# PC cpu limitation ruining our movie promise

• hdace
In summary, the characters are working on a sci-fi movie script and they promised not to break Einsteinian physics. They came up with a way to determine how close they are to light speed and it turns out a PC isn't capable of doing it. They are looking for a workaround.
hdace
Hi, I'm new here.

My colleague and I are working on a sci-fi movie script. It's almost finished and it's going very well, thanks. At the beginning we made a promise. Although there inevitably has to be some small fantasy elements to any sci-fi story, we promised each other we wouldn't break Einsteinian physics, and there's no darn sound in space! Now, we know that normally these rules would lead, probably, to a kind of boring film, but we think we've got a good story, so please don't worry about that!

There is a scene where, because of a freak incident (the fantasy part), a ship is unexpectedly accelerated to a speed that is over 99% of SOL. More fantasy parts are that the passengers are not pasted like jelly on the aft wall of the ship's bridge, and space dust doesn't puncture holes in the hull. What was that promise again?

Because of an important subplot, it's important that they travel at least 30 million years into the future 'cause of time dilation. Now, I THINK I understand the Lorentz factor. I worked out that if c = 1 ly, and v = 0.9 (etc) with 15 9's after the decimal, that in one year the ship would travel 15.8 million years into the future. Not only is that not enough years, but we want the trip to only be a few days at most inside the ship.

Now, as I understand it, in theory, if the freak incident made them go so fast that there were more than just 15 9's after the decimal point, then we could achieve what we're looking for. Trouble is, it would appear that a PC isn't capable of doing that! At least that's what we think is going on. So, could anyone kindly confirm this, and also let me know if there's any kind of workaround that would allow us to determine the speed it would take to do the 30 million in just a few days? Would it be something like 0.9 (etc) with more like 25 or 30 9's after the decimal?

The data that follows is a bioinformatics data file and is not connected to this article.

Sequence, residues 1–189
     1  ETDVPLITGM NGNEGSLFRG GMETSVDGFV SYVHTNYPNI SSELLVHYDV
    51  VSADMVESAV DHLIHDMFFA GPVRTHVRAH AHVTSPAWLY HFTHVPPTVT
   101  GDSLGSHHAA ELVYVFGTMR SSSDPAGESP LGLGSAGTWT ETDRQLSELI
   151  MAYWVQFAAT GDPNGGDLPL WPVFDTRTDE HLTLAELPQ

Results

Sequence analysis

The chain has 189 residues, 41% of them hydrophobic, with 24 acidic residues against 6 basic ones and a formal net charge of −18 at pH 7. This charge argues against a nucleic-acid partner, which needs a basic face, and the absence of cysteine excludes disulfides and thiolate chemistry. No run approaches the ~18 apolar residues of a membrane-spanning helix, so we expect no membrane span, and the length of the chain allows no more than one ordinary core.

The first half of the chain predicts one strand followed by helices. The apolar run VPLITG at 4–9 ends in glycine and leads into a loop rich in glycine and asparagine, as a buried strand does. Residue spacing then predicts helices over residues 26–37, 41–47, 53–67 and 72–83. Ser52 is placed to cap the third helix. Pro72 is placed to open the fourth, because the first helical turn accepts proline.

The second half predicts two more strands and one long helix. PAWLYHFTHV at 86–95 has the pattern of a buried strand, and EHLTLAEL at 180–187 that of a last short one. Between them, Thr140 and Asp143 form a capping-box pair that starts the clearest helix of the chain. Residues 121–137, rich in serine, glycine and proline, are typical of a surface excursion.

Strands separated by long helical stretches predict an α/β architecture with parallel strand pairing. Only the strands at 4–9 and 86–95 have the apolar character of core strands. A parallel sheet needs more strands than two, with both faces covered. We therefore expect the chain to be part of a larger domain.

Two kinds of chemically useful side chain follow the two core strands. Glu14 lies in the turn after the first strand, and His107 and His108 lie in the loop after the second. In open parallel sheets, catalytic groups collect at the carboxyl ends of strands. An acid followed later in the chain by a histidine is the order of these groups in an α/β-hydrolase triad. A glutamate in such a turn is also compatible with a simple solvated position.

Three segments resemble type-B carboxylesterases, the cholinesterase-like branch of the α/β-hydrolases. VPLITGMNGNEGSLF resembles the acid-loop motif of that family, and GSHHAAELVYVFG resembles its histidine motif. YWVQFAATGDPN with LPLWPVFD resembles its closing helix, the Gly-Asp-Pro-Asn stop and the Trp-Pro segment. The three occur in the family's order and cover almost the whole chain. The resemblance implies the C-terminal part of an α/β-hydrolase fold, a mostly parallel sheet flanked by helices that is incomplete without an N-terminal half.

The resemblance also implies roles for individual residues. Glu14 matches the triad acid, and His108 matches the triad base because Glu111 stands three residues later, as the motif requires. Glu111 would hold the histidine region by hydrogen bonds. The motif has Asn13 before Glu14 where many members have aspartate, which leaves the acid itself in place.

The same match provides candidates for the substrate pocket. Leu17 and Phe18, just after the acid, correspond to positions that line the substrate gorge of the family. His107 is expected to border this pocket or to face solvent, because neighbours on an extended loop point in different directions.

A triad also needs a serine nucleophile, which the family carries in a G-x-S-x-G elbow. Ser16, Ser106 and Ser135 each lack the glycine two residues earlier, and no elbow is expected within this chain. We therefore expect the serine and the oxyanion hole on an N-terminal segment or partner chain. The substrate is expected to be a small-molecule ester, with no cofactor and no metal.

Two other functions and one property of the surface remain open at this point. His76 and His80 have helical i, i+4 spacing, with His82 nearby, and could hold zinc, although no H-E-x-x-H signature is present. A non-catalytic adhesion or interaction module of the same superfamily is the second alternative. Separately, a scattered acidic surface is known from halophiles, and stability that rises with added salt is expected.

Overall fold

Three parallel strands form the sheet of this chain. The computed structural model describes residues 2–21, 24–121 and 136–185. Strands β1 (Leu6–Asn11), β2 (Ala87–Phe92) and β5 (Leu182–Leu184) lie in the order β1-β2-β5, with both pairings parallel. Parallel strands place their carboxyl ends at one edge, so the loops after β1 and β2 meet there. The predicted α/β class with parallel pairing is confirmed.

I know, kinda bizarre, but hey, I think it's fun!

Thanks, Hal Dace

The formula for figuring out what percent of the speed of light you would have to go is:

$$Sqrt(1-v^2)$$
v = (number of days the trip takes)/(Number of days in 30 million years)
So a 3 day trip makes: v=0.000000000456621004566210045662100456621 (not counting leap year)

The calculator needs more than 15 significant digits to calculate it. What you can do for a scene is have a character try to calculate it and not have a calculator that can do it. So maybe they are not sure how close to light speed they are. They just know it cannot be very many days at that speed, which they very roughly know by how fast they get by known star systems.

Of course you can also download a calculator from the internet with enough digits to pull it off.

Using the binomial approximation (which is an excellent approximation in this case):

$$\sqrt{1-v^2} = (1-v^2)^{1/2} \approx 1-\frac{1}{2}v^2$$